|Propulsion||White 160AX/IHC RED 450, 147/160 bhp|
|Speed||45 mph (72 km/h) road
28 mph (47 km/h) off-road
|Range||382 km (175 mi)|
|Armament||Browning M2 cal.50 (12.7 mm)
2xcal.30 (7.62 mm) M1919
|Armor||From 6 to 12 mm (0.24-0.47 in)|
An M2A1 Half-track Car, for comparison. France, June 1944.
Early production M3 with canvas, Italy, 1944.
A Free French M5A1 (late version modified alongside the M3A1), of the First Army, gen. De Lattre De Tassigny, Provence, Southern France, August 1944. Large amounts of M5s were provided to the French, which took part in operation Anvil Dragoon. This one is a pure transport vehicle, unarmed. Notice the FFF slogan – France First.
T30 75 mm (2.95 in) HMC (Howitzer Motor Carriage), carrying the M1927 pack howitzer, Palermo, Sicily, 1944. Notice the American flag and yellow star, both inherited from Operation Torch. The big white star was meant for identification by Allied aircraft. The pale green scheme was usual to this theater of operations.
The T12 was equipped with an M1897A4 75 mm (2.95 in) guns, an American version of the French famous “canon de 75”. This was the most common Gun Motor Carriage, intended primarily for infantry support role, although some were used occasionally against tanks with some success, and AT shells were provided to some first line units for this purpose. Over 2200 GMCs were built prior to April 1943, but only 842 seem to have seen service. The M1897 had an indirect fire range of 9,200 yds (8,400 m), and provision was 59 rounds, either AP M72 (Armor Piercing), APC M61 (Armor Piercing Capped) or the high-explosive anti-personnel HE M48. This illustration depicts a 1st US Army GMC stationed in Sicily, 1943.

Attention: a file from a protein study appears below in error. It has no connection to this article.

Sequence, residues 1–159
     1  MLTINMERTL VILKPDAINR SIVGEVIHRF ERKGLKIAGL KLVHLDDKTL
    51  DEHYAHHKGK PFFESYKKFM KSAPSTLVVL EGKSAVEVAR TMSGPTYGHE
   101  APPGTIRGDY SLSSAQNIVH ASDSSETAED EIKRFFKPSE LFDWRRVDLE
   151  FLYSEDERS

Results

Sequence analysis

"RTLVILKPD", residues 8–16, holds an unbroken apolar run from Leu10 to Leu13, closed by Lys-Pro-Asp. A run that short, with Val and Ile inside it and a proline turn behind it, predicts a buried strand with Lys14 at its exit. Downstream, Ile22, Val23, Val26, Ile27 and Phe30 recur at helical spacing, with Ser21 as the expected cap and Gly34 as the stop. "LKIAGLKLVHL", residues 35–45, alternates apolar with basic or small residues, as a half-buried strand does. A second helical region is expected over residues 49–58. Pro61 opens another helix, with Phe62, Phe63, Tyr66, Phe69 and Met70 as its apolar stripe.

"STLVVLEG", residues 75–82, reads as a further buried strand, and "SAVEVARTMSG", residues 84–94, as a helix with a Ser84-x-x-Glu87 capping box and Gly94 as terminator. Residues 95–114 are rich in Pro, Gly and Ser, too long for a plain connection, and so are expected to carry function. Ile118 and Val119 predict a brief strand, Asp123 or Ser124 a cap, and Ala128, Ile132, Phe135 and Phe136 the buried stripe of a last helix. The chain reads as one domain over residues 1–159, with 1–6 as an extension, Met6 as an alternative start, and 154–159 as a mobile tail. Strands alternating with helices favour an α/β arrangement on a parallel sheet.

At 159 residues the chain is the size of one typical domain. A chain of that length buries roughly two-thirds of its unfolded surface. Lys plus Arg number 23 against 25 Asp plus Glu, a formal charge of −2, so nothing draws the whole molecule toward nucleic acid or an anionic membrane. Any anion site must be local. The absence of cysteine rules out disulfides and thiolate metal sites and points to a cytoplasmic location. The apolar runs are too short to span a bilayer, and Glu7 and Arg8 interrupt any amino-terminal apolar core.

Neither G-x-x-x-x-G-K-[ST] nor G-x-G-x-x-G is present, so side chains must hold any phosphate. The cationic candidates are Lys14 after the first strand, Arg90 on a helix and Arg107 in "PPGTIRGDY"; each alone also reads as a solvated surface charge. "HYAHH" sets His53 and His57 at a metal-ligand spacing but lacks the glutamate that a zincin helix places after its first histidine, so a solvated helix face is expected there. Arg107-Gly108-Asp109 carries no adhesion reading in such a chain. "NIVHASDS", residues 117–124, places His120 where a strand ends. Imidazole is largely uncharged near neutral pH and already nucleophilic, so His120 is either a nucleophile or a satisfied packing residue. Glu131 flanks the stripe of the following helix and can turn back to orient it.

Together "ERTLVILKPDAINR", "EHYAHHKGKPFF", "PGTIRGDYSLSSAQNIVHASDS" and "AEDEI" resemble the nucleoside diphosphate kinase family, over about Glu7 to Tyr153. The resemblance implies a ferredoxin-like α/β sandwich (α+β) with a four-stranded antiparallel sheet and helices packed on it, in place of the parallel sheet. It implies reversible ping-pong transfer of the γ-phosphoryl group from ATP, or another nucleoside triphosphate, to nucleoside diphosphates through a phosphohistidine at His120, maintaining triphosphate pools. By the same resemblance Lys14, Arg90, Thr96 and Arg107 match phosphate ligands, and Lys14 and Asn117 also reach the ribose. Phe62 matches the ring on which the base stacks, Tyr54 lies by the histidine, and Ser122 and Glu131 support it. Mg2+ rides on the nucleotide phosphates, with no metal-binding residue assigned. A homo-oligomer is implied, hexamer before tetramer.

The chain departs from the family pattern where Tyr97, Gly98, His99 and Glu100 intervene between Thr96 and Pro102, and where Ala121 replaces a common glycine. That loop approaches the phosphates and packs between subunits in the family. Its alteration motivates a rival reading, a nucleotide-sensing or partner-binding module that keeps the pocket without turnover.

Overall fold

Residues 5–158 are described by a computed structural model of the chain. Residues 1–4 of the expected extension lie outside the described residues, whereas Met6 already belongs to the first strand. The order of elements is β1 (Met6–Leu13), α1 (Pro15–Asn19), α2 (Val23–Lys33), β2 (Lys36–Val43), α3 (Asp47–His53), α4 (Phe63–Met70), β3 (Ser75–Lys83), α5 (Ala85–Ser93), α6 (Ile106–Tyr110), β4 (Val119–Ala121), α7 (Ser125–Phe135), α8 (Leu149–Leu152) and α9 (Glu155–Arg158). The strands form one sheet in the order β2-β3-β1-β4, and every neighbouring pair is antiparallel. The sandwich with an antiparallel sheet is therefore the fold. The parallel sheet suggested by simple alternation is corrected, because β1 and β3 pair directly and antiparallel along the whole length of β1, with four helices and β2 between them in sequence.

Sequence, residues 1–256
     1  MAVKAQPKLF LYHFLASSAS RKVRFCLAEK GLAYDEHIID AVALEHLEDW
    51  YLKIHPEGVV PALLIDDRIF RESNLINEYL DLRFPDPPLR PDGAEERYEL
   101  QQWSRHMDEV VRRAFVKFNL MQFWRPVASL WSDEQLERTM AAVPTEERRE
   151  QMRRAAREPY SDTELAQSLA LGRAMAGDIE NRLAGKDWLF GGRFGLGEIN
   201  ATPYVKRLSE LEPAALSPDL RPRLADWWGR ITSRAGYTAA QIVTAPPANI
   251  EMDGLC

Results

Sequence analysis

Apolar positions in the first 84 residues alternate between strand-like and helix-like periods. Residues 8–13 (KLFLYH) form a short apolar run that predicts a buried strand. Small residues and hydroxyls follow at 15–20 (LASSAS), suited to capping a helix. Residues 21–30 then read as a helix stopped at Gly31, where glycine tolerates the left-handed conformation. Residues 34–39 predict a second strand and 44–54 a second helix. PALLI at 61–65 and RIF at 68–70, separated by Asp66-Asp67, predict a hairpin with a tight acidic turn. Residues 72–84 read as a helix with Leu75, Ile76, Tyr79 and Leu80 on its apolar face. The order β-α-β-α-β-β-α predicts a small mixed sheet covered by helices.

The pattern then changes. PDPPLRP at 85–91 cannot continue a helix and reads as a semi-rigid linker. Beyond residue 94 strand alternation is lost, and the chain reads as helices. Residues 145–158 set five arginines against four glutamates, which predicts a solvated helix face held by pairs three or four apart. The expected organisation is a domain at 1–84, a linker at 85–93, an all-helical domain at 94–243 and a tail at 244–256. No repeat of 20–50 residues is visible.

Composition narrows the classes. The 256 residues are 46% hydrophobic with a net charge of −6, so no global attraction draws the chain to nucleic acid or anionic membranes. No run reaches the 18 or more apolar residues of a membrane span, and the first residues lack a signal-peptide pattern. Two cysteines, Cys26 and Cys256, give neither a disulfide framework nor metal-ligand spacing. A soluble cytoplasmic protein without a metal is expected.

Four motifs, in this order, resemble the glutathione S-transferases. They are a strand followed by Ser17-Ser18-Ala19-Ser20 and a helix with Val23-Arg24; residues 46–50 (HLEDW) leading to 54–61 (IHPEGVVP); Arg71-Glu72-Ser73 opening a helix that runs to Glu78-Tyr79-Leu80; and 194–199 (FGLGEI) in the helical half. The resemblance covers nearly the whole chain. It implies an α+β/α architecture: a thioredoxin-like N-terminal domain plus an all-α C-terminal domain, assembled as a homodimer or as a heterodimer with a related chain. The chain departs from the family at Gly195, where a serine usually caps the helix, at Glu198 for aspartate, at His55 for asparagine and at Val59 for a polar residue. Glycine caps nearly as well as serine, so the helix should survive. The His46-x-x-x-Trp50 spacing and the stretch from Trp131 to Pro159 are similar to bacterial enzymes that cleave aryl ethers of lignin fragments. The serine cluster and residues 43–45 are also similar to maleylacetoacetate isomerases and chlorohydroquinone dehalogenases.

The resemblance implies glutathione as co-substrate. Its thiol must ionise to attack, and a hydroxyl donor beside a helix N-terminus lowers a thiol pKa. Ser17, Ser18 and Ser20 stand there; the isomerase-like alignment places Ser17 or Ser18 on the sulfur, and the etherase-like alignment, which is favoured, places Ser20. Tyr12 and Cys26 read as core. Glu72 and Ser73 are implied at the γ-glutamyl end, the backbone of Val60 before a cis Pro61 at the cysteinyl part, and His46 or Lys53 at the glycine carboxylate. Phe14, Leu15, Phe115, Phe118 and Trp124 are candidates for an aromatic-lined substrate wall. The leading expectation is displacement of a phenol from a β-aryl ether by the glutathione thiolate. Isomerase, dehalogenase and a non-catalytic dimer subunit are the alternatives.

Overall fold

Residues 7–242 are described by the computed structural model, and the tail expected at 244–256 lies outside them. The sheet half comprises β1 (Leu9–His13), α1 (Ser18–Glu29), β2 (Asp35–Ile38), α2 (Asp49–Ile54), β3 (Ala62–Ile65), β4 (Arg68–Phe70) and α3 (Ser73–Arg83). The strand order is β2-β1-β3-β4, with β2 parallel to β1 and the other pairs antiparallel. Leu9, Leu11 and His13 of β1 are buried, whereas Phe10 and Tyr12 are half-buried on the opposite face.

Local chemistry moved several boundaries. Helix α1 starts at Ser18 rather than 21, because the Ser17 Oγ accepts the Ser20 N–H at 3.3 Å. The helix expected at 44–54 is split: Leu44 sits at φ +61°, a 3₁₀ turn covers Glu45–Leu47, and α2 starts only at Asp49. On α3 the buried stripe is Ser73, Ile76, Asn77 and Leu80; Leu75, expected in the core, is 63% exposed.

M3 75 mm (2.95 in) GMC in North Africa, US 1st Division, Tunisia, June 1943. The M3 GMC was the main Gun Motor Carriage derivative of the M3, equipped with a 75 mm (2.95 in) gun, mostly used by the USMC. The medium velocity of this gun made it unsuitable against most Panzers in 1943. Its AP projectiles were able to pierce only 7.1 to 8.1 mm of armor at 500 yds (460 m). Most of them were used for artillery support. GMCs were also used by the USMC in the Pacific theater, with better success against Japanese tanks. They saw action at Peleliu, Tarawa, Saipan and Okinawa, were they replaced tanks in the infantry support role.
75 mm (2.95 in) SP, Autocar, as it was designated in British service. 170 M3 GMCs were provided to the British army fighting in North Africa in early 1943. The Free French also used them in limited numbers.
Captured T48 GMC, equipped with the M1 57 mm (2.24 in) antitank gun, with German markings, Italy, August 1944. The gun was an American-built version of the Ordinance QF 6-pounder of the British army, used throughout the war.